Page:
Leap into the Void, 1960, October

  • Leap into the Void
    Artistic action by Yves Klein 5, rue Gentil-Bernard, Fontenay-aux-Roses, France Photography
The title of this photographic work by Yves Klein from his newspaper Sunday, November 27, 1960, is: "A man in space! The painter of space leaps into the void!", 1960.

"Today the painter of space must, in fact, go into space to paint, but he must go there without trickery or deception, and not in an airplane, nor by parachute or in a rocket: he must go there on his own strength, using an autonomous individual force; in short, he must be capable of levitation."
Yves Klein, excerpt from Sunday, November 27th, 1960, The Newspaper of a Single Day, 1960

Yves Klein considered that space was his domain and that he could go there by the power of the spirit alone.

The jump takes place in Fontenay-aux-Roses, in a street where a judo club had often welcomed him.

Anxious, as usual, to keep track of his actions, he invited, to immortalize the gesture, his two favorite photographers: John Kender and Harry Shunk. It is they who will realize in their Parisian laboratory this photomontage published for the first time in the frontpage of the newspaper creatde by Yves Klein "Sunday, the newspaper of a single day", which the Parisians will find, on November 27, 1960.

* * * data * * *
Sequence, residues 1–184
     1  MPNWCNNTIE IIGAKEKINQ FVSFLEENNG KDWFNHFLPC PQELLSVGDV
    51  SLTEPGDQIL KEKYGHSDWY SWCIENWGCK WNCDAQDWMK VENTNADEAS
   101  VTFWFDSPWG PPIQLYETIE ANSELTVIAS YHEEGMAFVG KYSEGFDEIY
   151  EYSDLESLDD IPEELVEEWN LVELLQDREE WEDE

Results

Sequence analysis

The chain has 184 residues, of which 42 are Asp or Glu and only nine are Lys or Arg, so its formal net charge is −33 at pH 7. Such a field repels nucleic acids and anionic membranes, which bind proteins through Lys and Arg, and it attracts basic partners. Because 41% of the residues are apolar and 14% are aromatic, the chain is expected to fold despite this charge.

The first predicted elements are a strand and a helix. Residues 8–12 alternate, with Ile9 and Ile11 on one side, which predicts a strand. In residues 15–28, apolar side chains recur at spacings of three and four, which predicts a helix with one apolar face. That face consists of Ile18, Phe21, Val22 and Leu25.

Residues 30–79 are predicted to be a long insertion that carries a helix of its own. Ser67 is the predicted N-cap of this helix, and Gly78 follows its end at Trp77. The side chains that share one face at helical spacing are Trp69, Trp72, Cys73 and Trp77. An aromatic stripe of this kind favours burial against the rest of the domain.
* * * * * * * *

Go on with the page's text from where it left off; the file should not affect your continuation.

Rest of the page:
Yves Klein rises from a pillar at the entrance of a pavilion, his face turned to the sky, his arms crossed. Far from falling, the artist seems to take off.

The street is deserted, apart, at the bottom, on the right of the photo, a back cyclist who has just passed. A man in full levitation between heaven and earth did not stop or turn around; he continues his way, indifferent to this act which, nevertheless, seems to us unusual, even disconcerting. A testimony collected from Harry Shunk by Sidra Stich tells us that the cyclist was the photographer John Kender and that the idea of including it in the photo would have come from Harry Shunk himself.

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